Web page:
Lexington tax expert: Expect to pay more and get less after filing this year


The Internal Revenue Service released figures on the first week of filing season on Friday, and early numbers indicate Americans are seeing smaller refunds this year.

The average tax refund so far this year is $1,865, down 8.4 percent from last year.

Enrolled agent Bill Farmer owns HTI Tax Service in Lexington and is also a former GOP state lawmaker.

Farmer said many of his clients this year are faring much worse.

"We've seen a lot of people that are down 25 or 30 percent," Farmer said. "We've seen a lot of people who are used to getting a small refund who are now having to write a fairly decent-sized check."

Farmer said part of the reason is the federal tax overhaul bill signed by President Trump, which Farmer noted does away with several itemized deductions.

"If you're someone who takes out-of-pocket work expenses, you drive your car around town for a living because you're in sales or something like that, there is no mileage deduction. If you're a truck driver, there's no more deduction for the meals, if you're on a W-2," Farmer said.

Farmer also pointed to the state and local tax deduction, which under the federal law is capped at $10,000.

"I did a tax return earlier today where the family had $18,000 in state and local taxes between their payroll taxes and their house and the cars that the parents and their three children drive," meaning that family lost out on an $8,000 deduction, which Farmer said translates to about $2,000 in tax.

"That's out of their pocket. That's a huge amount of money," Farmer said.

Then there's the state tax plan passed last year by the General Assembly, which lowers income tax to a flat rate of 5 percent but extends the state's 6 percent sales tax to 17 services not previously taxed and also gets rid of some big deductions, including medical expenses and health insurance.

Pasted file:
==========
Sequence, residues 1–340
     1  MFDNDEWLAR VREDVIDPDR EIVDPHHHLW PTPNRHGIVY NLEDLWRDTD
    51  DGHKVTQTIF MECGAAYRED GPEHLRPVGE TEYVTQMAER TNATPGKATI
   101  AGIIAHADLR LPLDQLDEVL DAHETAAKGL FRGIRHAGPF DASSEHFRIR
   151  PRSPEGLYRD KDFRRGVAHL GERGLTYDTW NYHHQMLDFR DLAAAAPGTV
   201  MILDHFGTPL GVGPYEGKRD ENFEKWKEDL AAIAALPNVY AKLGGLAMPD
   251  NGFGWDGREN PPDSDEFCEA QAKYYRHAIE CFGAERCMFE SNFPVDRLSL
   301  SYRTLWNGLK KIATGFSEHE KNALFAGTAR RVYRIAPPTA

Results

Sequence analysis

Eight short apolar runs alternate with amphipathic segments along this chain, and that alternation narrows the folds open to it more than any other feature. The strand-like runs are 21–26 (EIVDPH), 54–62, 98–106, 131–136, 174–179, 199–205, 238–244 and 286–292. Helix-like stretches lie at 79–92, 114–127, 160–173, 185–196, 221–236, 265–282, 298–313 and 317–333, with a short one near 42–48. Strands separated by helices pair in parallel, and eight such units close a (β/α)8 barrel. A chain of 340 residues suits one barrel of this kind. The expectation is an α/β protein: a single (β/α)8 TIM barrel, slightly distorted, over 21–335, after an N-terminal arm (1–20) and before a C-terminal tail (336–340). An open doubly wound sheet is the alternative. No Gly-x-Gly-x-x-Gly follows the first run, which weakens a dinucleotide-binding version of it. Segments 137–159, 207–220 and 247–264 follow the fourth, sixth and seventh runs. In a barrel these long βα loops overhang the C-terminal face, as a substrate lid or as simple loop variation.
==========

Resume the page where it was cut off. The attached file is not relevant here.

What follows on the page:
"I've got people that pay up to $20-22,000 dollars for family health insurance that they can no longer deduct because they're self-employed," Farmer said. "$22,000, that's a thousand plus dollars in state tax. That's a big change when you didn't plan for it."

Farmer said there wasn't enough of a public information campaign to get people ready for either of the new laws.

If this tax season has you feeling some pain, Farmer's advice is to take this as a lesson and don't let it happen to you next year.

"You've got to adjust your withholding. Make sure that you've got the correct withholding, which you're going to have to look at what your numbers are for 2018 and try to at least have the same percentages of tax withheld so that you can get back what you think you ought to be getting back," Farmer said.

This year's filing deadline is Monday, April 15.

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